• bbfan

    This is just another example of how parents are out of control when it comes to Youth Sports. One parent doesn’t like what Mike was doing with his son either position or PLAYING TIME and he finds a movie which is rated R…and I’m sure all the players on his team have seen a R rated movie…runs with it to the Principle and Superintendant and force him to resign. We have Parents being ejected out of High School Basketball games on a regular basis, fighting with other parents on the opposing team…when will we put an end to this?

    The people of Weston do not deserve a coach of Mike’s caliber or any other coach who will not get the full support from the administration. They should just go get a Math teacher who wants the pay check and will play equal playing time so that all the parents will be happy….or let the parents coach the team on a rotating basis.

    Mike will be a great coach going forward either at the High School or College level and the people of Weston had one that got away.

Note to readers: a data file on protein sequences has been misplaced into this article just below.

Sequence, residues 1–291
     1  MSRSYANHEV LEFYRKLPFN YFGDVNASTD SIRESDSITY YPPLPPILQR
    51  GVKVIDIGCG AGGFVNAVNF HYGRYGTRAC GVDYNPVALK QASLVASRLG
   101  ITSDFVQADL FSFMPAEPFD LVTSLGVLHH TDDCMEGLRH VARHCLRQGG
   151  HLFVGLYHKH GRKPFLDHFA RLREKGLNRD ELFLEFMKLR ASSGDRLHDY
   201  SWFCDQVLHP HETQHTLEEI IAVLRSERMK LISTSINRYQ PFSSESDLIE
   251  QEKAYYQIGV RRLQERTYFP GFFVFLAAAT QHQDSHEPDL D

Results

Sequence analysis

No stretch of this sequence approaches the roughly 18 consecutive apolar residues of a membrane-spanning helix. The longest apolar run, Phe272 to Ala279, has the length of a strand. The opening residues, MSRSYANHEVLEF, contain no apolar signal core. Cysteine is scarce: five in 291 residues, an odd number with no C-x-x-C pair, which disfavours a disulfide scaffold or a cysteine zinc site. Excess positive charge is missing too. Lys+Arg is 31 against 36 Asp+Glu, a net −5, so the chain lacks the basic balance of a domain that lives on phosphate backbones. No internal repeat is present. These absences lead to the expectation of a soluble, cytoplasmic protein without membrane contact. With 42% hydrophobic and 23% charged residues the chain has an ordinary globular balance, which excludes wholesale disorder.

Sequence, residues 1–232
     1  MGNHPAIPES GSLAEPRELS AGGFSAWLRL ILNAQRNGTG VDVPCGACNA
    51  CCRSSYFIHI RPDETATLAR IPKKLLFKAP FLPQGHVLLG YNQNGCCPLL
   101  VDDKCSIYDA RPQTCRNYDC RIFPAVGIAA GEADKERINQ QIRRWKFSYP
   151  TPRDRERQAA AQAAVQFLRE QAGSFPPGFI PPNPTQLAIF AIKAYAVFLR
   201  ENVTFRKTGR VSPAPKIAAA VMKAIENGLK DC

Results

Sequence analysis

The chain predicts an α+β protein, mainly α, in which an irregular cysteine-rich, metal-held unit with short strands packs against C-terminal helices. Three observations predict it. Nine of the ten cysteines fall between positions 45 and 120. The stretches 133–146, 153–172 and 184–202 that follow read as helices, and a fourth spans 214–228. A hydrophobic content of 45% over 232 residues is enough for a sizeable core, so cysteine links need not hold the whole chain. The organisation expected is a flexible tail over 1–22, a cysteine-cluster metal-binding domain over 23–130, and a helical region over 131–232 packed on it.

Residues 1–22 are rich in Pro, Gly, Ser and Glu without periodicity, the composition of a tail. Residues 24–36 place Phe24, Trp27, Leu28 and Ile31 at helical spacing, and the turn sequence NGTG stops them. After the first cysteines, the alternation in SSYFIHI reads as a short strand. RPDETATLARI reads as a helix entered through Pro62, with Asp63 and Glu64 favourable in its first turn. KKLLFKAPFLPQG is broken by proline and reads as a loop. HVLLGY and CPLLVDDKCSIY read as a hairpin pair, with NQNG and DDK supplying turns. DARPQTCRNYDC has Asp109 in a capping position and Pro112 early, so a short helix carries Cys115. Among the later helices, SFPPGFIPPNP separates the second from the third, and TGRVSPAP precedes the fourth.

And by the way…people who rush to make judgement on a person should make sure they have no skeletons in their own closet….I happen to be from Monroe!!

  • hoopswag

    I’m a father of two kids in the Wilton program, have heard nothing but positive things about him from the players and parents. Viz has worked with my kids and made them better players and better people. He can coach my kids anytime.

    Sounds like this whole thing was drummed up by a parent pissed at their kids playing time…. (sorry I said the word pissed, please don’t tell on me).

  • hoopfan

    My son played for Viz at Wilton High as well. Viz played the kids who deserved to play based on their ability and effort. His teams always played hard and were always competitive. And he clearly cared about the kids.